Seeing the word “roguelike” on a game’s description is enough for me to know that I won’t like it. I’ve given many different roguelikes a chance, including Streets of Rogue, Enter the Gungeon, Nuclear Throne, and even Crawl. There’s nothing wrong with any of these games—it’s just the fact that I don’t understand the appeal of roguelikes.
So, what irks me about roguelikes the most? These are the main reasons why I just can’t bring myself to enjoy roguelikes.
Death is a part of gaming. In a typical RPG, adventure game, or platformer, I can accept my unfortunate fate. I’ll feel pretty angry about getting a “Game Over” screen for the fifth time, but I know that I can adopt a different strategy when I respawn.
There’s just something about dying in a roguelike game that’s incredibly discouraging. A gamer’s worst nightmare is realizing that death has erased all of your progress and items. Roguelikes take this fear and make it a reality.
Whether you’re at the beginning of the game or at the end, roguelikes don’t care. You can lose all of your progress with one small misstep. This makes roguelikes even harsher than roguelites, as roguelites will actually save some of your progress when you die. Roguelike players are stuck with permadeath, which can eventually drain you of all hopes of completing the game.
2. Lack of a Storyline
Roguelikes typically don’t focus on storylines. If you’re lucky, you’ll get a brief introduction to the purpose of the game at the very start of the dungeon. Otherwise, you’re left piecing together the environment to form a story that doesn’t exist.
An intriguing storyline is one of the main reasons why I enjoy playing games, and the same is true for a ton of other gamers. A story adds a whole new layer of depth to a game.
Sure, there are great non-roguelike games out there that don’t have a storyline, and that’s okay. When roguelikes combine a lack of a story with other annoying elements (like permadeath), it almost makes the games not worth playing.
3. Your Success Depends on Chance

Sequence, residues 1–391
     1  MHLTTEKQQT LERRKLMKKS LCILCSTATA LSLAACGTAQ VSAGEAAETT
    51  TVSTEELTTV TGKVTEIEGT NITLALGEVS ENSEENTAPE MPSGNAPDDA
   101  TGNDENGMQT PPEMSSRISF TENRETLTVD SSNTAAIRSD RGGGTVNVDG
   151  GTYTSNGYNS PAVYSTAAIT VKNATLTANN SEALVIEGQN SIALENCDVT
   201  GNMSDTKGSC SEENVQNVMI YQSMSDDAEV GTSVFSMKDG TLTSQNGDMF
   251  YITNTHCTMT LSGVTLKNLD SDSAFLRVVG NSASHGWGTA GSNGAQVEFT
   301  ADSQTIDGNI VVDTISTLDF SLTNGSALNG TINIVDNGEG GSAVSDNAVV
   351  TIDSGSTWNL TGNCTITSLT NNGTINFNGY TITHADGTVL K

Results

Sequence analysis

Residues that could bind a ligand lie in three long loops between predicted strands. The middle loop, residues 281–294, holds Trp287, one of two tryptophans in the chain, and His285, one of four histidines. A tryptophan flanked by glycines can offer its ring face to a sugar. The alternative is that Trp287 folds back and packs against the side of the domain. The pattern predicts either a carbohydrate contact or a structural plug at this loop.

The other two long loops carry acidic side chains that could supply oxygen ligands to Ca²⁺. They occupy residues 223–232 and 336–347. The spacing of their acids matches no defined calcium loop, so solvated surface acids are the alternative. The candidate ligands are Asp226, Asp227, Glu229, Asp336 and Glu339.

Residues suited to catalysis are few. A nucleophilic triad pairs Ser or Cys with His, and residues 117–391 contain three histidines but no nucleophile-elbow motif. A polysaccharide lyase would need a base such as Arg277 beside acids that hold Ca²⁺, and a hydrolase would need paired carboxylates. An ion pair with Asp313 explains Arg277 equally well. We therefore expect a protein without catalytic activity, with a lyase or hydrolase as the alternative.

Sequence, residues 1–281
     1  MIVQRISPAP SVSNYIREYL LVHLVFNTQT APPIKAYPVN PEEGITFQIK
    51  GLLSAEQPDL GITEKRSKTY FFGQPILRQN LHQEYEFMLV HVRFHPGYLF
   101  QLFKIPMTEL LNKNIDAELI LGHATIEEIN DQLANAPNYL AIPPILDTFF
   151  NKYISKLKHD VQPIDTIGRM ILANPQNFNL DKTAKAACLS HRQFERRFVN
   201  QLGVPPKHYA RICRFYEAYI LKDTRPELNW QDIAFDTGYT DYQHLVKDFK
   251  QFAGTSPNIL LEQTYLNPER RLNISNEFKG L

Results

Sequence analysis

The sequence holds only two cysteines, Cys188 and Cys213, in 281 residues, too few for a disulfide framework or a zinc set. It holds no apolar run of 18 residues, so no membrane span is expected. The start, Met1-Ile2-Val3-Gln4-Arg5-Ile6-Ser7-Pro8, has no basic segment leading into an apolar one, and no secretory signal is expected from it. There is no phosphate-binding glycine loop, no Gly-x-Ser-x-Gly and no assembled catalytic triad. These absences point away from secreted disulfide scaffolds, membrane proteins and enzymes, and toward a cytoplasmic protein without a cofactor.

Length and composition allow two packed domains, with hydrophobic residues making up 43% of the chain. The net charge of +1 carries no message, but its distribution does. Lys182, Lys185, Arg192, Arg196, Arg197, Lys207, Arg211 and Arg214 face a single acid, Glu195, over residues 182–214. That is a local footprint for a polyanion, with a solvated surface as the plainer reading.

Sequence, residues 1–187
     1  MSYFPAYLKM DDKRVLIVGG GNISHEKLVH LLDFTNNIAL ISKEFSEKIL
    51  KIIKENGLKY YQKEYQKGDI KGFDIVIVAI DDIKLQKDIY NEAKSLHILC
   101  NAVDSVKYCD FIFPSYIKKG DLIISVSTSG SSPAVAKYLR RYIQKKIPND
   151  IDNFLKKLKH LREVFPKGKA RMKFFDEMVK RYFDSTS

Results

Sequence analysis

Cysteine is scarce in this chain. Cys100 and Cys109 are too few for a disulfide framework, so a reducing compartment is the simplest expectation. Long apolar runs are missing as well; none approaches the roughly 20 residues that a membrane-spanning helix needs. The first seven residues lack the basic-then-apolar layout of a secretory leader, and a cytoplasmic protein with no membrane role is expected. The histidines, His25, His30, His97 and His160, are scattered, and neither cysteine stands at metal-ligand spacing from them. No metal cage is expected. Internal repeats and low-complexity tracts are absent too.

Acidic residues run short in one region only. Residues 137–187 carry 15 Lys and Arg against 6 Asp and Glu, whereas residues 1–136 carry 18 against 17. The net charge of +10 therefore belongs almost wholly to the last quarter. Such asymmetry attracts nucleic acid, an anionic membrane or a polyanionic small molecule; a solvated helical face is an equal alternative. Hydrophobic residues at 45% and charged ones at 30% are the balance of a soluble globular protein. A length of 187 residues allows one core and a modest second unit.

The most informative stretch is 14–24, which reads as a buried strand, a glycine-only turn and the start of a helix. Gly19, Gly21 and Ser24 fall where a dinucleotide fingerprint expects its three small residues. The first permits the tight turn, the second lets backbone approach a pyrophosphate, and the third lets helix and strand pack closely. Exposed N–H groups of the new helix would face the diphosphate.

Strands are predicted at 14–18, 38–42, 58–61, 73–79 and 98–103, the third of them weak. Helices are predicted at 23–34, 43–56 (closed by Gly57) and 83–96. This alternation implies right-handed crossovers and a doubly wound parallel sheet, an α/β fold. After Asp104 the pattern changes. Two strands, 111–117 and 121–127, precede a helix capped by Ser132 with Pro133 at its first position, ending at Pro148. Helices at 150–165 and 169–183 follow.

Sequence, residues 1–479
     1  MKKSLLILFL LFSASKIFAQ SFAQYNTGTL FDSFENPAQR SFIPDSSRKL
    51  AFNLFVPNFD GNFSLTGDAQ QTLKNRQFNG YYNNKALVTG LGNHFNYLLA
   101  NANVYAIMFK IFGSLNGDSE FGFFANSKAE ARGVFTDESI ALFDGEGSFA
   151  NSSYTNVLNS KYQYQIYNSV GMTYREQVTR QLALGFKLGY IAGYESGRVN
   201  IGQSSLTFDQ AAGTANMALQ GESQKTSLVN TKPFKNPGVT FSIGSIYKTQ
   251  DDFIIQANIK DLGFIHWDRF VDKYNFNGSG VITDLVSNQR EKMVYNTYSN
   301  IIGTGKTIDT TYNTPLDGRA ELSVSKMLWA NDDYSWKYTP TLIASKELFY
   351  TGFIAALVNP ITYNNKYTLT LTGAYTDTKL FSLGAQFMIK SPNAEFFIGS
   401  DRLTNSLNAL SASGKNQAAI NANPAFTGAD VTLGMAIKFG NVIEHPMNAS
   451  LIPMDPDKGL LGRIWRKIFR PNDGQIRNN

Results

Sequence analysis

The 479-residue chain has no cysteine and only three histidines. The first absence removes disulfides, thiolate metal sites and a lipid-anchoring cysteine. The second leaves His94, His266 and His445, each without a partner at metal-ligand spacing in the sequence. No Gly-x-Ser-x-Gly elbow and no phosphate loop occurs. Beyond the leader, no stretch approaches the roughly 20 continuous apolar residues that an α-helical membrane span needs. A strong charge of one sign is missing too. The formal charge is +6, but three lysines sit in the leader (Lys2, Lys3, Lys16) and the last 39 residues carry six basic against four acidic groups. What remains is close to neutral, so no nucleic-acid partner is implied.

Roguelikes don’t pit you against enemies—they pit you against the game’s mechanics. Each level is procedurally-generated to create different dungeons in every playthrough. Your survival depends on the enemies that spawn, along with the type of weapons that appear.
In the next level, you might encounter unexpected enemies or a set of weak weapons. This is basically the game’s way of saying “Screw you!” You can thank these random levels for the underpowered knife that you pick up. Whatever weak weapon you find will ultimately become responsible for your loss of progress.
4. Roguelikes Are Starting to Look the Same
Many roguelikes embrace the pixelated, retro art style. Combine that with the top-down perspective, and you can barely tell the difference between each roguelike.
For example, roguelikes like Crypt of the Necromancer, Enter the Gungeon, and Streets of Rogue all have a very similar, pixelated art style. While there’s nothing wrong with this style, it just gets boring when you start seeing it in so many roguelikes.
5. No Structure Leads to No Motivation
Randomized levels mean no structure. Since there’s no clear path to the end of the game, you might find yourself feeling unmotivated. Playing through a set of unpredictable levels isn’t that exciting.
Some might argue: “The levels are different every time, how can you get bored?” Once you start over from the beginning of the game after dying, the game’s environment begins to become repetitive and boring. Even a randomized change in layout can’t compensate for that.
Roguelikes Aren’t for Everyone
After trying several different roguelikes, I’ve realized that they’re just not for me. Permadeath and procedurally-generated levels are what makes a roguelike a roguelike, and those elements just don’t mesh well with my playstyle.
Roguelikes add variety to gaming, and I respect that. Since most roguelikes for PC aren’t very demanding, more gamers have access to them. If you’re into that, check out this list of lightweight games you can play on a non-gaming PC.
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